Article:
Meals can be messy, depending on what your kids can do on their own. The trays with all the wrappings and packaging materials can be hard to maneuver and sometimes items are hot. Make sure you have a trash bag handy to immediately collect everything that's not needed anymore so you can get it out of the way quickly. The trays also sometimes sit there being in the way for a long time after the meal. For some kids it's easier to skip the meal services and just you bring your own food like sandwiches, which are easy to eat and you also have full control of the timing. These days, offering on planes are quite sparse, so you need to bring some snacks/food anyway.

Bathroom planning is important, especially if you have one that's just out of diapers and has a fairly short fuse. Do bathroom trips, when its convenient and there are no lines, even if they don't have to go. Ask the flight attendants to give you advanced notice if they will block the aisle for an extended period of time.

Do a mandatory bathroom trip about 1.5-2 hours before arrival. Soon after this, they will wake up everyone and start the final breakfast service. At this point everyone will need to go to the bathroom and there will be long lines even if you can get past the service carts.

Time zone change

It's best to hard switch to the new time zone. Don't let them go to sleep before their regular bed time in the new time zone. This can make the first day challenging especially for a morning arrival. Take them to the park, throw them in the pool, let them run around the yard but try to keep them awake. If you arrive really early, let them take a nap, but do wake them up after an hour or two.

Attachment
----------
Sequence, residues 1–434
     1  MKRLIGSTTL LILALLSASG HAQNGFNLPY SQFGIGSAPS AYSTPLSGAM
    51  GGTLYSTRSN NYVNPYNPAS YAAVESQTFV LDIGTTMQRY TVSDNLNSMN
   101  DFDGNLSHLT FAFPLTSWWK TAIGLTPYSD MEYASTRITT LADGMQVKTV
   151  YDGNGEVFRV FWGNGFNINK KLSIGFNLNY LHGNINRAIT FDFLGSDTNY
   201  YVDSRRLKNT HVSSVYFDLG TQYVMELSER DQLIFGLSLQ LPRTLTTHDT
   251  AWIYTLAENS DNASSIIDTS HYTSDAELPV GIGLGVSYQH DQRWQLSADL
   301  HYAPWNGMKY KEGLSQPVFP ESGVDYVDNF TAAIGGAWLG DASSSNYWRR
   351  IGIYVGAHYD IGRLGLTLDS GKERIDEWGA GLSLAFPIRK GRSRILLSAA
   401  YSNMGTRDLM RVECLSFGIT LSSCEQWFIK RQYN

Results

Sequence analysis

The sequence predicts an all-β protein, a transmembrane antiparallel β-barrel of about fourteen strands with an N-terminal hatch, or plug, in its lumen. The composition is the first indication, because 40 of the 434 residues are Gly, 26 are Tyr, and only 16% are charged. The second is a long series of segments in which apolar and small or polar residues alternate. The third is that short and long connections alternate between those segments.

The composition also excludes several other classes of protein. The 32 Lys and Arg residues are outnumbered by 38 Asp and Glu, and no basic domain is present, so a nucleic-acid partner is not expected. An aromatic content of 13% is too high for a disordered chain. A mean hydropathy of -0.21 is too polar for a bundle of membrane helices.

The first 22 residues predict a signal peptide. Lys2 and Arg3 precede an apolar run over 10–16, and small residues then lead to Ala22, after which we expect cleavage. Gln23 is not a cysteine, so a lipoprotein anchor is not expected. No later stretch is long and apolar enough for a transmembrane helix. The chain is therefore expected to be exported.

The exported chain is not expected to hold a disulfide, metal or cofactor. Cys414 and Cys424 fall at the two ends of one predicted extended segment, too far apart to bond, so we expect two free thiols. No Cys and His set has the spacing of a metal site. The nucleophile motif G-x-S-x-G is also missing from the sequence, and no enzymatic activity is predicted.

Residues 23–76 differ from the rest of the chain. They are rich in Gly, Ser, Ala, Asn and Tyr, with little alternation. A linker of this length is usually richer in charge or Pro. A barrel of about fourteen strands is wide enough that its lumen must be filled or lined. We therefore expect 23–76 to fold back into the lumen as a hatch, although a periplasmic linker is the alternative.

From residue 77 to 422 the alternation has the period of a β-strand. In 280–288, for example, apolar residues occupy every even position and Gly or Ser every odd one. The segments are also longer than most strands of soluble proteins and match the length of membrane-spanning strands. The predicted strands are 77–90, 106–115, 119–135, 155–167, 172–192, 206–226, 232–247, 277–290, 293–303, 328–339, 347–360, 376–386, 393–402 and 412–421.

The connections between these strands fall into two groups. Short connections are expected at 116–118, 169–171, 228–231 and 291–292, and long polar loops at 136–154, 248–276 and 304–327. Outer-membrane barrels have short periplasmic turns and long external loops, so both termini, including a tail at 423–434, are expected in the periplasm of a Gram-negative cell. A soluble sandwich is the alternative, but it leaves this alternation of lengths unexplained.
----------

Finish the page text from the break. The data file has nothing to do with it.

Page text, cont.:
All-in-all this can be great fun for all parties involved and the more you relax, the more relaxed the kids will be.

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    I am on the plane while writing this. So many things you write now are a must. Thank you for giving such clear and detailed advice Aug 2, 2023 at 6:22
  • Very good tips in general. I would add that because you are in a special situation it is fine to break family rules about things like TV-time, sugar intake or similar. Normally you are only allowed to watch a single 15 min video per day but because we are on a plane today you can watch more than that. Use at parents discretion of course but being flexible there can make parents life much easier if needed.
    – quarague
    Aug 10, 2023 at 12:40